Listing white rhinos as endangered could save all rhinos, conservationists say
The US Fish and Wildlife Service has named southern white rhinoceros an endangered species protected under the Endangered Species Act, a move that the organization says could help protect the other four highly endangered species of rhinos.
The US Fish and Wildlife Service has listed the southern white rhinoceros as threatened under the Endangered Species Act.
The measure will put under the act’s protection the last remaining unprotected species of rhinoceros, a move that the organization says could help protect the other four highly endangered species of rhinos – black, Sumatran, Indian, and Javan – from poaching.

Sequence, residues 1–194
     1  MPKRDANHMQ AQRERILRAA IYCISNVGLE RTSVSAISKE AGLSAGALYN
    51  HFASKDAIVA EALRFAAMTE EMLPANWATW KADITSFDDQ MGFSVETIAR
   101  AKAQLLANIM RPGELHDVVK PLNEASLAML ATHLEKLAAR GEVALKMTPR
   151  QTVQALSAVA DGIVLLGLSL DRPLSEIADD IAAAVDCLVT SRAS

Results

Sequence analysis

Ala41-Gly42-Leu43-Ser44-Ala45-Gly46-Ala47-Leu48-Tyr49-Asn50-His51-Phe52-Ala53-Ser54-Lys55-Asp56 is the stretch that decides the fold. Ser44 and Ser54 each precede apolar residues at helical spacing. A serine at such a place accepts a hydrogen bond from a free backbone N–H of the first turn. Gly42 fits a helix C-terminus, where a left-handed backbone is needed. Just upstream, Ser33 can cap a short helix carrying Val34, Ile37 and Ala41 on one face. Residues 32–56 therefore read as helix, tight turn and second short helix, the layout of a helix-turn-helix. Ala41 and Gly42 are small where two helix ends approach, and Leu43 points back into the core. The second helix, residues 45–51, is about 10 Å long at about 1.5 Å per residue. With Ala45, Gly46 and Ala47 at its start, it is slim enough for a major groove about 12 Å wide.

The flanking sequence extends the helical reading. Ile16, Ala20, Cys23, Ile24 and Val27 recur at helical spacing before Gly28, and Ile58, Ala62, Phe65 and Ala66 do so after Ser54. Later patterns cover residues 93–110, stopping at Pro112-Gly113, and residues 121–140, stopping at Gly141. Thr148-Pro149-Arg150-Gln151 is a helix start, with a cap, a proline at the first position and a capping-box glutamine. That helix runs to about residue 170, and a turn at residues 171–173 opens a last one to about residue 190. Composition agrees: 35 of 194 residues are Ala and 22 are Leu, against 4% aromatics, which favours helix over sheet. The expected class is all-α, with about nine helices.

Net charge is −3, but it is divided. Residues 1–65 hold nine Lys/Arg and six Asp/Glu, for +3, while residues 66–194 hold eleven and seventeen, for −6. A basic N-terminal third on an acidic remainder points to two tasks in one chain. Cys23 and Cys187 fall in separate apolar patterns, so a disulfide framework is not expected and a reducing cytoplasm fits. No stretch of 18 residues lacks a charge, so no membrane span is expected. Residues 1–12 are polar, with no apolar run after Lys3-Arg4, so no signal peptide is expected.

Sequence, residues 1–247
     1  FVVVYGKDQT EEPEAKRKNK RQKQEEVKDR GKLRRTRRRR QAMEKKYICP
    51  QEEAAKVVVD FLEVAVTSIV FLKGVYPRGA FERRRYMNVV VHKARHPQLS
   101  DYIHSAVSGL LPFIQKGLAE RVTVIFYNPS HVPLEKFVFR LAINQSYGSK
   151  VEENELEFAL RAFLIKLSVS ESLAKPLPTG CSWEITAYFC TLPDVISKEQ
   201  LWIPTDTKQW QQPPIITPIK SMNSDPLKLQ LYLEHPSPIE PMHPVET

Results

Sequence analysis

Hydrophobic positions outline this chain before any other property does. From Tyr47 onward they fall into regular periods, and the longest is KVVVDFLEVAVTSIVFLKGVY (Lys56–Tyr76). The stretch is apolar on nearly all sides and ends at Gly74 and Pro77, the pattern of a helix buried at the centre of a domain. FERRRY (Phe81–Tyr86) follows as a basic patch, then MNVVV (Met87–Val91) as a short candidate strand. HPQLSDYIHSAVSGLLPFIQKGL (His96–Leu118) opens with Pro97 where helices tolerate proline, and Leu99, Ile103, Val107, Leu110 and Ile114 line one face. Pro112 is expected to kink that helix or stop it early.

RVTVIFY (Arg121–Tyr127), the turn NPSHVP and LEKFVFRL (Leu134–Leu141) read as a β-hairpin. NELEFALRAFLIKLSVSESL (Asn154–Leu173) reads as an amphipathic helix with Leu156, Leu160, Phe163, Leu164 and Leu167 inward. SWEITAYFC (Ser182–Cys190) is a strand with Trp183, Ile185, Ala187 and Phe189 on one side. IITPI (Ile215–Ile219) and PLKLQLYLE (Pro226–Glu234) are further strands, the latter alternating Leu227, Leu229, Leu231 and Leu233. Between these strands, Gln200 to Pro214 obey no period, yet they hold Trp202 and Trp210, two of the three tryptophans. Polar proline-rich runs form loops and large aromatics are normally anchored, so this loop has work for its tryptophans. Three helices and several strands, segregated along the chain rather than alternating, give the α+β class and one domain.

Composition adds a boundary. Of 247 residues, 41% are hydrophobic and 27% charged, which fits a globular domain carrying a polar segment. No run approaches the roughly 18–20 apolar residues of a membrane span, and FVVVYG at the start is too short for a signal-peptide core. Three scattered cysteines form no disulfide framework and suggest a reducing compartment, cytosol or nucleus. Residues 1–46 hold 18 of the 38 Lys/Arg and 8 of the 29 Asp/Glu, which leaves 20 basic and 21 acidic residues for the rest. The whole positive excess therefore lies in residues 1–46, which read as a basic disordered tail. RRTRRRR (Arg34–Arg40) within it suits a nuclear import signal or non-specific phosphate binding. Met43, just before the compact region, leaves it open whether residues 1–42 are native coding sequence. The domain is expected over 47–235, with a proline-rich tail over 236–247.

The southern white rhino is not as close to extinction as its four cousins, with about 20,000 white rhinos in protected areas and private game reserves in four countries: South Africa, Namibia, Zimbabwe, and Kenya. (The southern white rhino is actually a subspecies of white rhino; its northern counterpart is believed extinct in the wild.)
In contrast, the Javan rhino, the most threatened of the five rhino species, is now believed to number just 35 individuals, all living in Ujung Kulon National Park in Java, Indonesia. Vietnam’s last Javan rhino was declared extinct in 2010.
But the white rhino’s omission from the act had meant that traffickers, if caught during transactions, could pass off any rhino horn as a white rhino's, says Craig Hoover, head of the wildlife trade and conservation branch of the US Fish and Wildlife Service. Mr. Hoover notes that the white rhino’s horns are physically indistinguishable from those cut from the other rhinos.
“This is really to address what was a loophole in how we can regulate the movement of rhino horns in the US,” he says.
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